The most essential pieces of paperwork you’ll need in Switzerland
Almost everything you do in Switzerland requires a pile of documents. This is what you will need to start with when you settle here.
Despite its notoriously high cost of living, Switzerland’s natural beauty, strong economy, and quality of life are a magnet for foreign residents. But it's not all easy when you get here.
You may have heard horror stories about Switzerland’s bureaucracy, but in many ways it is no worse than that of any other country.
Depending on where you are coming from, there will be a little (or a lot) of cultural adjustment, and getting used to Swiss ways may take a while.
But when it comes to paperwork, the process is pretty straightforward. Here is what you will need.
Visa and work / residence permit
By the time you arrive, you will already have these documents, issued to you on the basis of your employment / residence conditions.
But once you are granted the right to live and work here, will need the same kind of paperwork to live in Switzerland, irrespective of whether you are from the EU or a third state.
Proof of residency
In many instances while residing in Switzerland you will be asked to show where you live (Wohnsitzbescheinigungen/ Attestation de domicile / certificati di residenza).
When you move into your house or apartment, you will need to register with your local commune within 14 days of arrival. The office in charge of registrations is called Einwohnerkontrolle / Contrôle des habitants/ Controllo abitanti.
To do so, you will need to show a passport of ID card for each member of the family, the work or residency permit, and your lease contract.
You can then receive the Wohnsitzbescheinigungen/ Attestation de domicile / certificati di residenza.
This process must be repeated every time you move to another residence or commune.
Health insurance is compulsory in Switzerland and you must purchase a policy for each family member within three months of your arrival.
You can take out insurance with an authorised health insurance company of your choice.
While complementary policies are optional, you have to buy the basic one, which is the same for everyone in terms of coverage regardless of the insurer.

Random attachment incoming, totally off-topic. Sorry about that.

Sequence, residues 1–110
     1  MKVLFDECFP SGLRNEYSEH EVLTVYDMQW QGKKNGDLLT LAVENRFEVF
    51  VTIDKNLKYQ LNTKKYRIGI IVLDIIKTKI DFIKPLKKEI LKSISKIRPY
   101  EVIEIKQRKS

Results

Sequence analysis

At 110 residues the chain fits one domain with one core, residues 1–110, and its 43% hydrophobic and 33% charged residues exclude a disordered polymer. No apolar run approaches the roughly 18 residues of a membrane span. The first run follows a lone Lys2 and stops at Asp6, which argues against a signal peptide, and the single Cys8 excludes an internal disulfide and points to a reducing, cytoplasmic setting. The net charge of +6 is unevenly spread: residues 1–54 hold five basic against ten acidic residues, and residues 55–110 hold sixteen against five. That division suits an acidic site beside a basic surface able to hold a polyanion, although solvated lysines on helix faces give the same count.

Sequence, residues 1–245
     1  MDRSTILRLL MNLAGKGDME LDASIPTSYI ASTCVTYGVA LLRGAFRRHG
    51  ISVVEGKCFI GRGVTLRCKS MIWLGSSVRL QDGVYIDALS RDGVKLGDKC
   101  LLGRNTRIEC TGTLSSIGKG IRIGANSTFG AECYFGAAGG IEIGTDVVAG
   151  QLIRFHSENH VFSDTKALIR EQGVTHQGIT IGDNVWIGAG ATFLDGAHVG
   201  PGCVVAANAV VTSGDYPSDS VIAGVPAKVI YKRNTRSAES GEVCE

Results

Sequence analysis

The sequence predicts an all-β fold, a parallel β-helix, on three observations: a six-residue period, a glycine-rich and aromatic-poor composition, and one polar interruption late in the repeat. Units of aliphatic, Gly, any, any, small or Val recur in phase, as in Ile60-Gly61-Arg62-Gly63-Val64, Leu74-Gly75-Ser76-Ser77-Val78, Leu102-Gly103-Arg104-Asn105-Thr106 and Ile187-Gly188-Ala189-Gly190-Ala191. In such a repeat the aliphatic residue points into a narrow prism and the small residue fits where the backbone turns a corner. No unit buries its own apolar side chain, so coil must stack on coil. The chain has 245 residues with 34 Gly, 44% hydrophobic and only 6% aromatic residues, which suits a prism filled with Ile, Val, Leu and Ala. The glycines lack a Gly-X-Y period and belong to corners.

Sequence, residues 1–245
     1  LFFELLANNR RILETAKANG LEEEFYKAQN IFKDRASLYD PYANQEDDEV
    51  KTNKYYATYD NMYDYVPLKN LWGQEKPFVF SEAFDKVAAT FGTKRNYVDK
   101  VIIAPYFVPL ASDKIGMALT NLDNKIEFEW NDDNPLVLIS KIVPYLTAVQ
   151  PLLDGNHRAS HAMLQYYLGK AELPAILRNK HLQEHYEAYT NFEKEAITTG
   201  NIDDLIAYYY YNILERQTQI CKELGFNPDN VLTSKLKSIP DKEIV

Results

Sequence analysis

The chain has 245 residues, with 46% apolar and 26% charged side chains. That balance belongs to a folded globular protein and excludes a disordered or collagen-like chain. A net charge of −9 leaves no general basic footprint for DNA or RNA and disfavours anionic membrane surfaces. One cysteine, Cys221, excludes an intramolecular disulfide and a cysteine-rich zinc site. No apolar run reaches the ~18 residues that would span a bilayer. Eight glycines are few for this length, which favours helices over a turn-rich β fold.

After the period of three months, you will receive a letter from your local authorities asking you to provide details of your, and your family’s, policies.
If you don’t have any, the canton will purchase insurance for you and send you a bill – which you must pay.
You are permitted to use your old license in Switzerland for 12 months. After this period, you must exchange it for a Swiss one, which can be done in a motor vehicles office closest to your place of residence.
To do this you must present an application form, which can be downloaded from the office’s website, original license ( valid at the time of exchange), residence permit, a colour passport-size photo, and a certificate from an ophthalmologist attesting that you have good vision.
These are the four documents you will need to live in Switzerland. There are also some other ones which depend on your personal circumstances.
If you bring your pet to Switzerland with you, you will need to have the pet’s identification (microchip), pet ID card, valid certificate of vaccinations, and blood test.
More information on bringing pets to Switzerland, and what conditions you should be aware of, can be found here.
Chances are that at one time or another you will use Switzerland’s excellent public transportation network. As everything else in Switzerland, this can be quite expensive, so it is a good idea to purchase travel cards enabling to buy tickets at a discount.